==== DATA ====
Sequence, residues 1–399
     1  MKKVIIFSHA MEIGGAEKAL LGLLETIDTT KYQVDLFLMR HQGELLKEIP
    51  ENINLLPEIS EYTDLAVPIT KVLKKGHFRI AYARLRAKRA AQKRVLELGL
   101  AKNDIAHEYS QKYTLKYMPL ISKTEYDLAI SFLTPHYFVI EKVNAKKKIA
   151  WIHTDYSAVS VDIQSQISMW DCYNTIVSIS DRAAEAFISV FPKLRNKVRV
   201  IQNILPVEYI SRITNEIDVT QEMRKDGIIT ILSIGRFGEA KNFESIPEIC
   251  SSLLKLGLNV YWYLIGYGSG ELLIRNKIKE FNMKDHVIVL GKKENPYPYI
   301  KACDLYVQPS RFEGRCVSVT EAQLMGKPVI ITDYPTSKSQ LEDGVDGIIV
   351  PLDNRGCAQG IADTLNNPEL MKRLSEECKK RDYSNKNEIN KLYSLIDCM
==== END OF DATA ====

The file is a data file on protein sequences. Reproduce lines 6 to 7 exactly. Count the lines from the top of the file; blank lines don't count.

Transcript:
   201  IQNILPVEYI SRITNEIDVT QEMRKDGIIT ILSIGRFGEA KNFESIPEIC
   251  SSLLKLGLNV YWYLIGYGSG ELLIRNKIKE FNMKDHVIVL GKKENPYPYI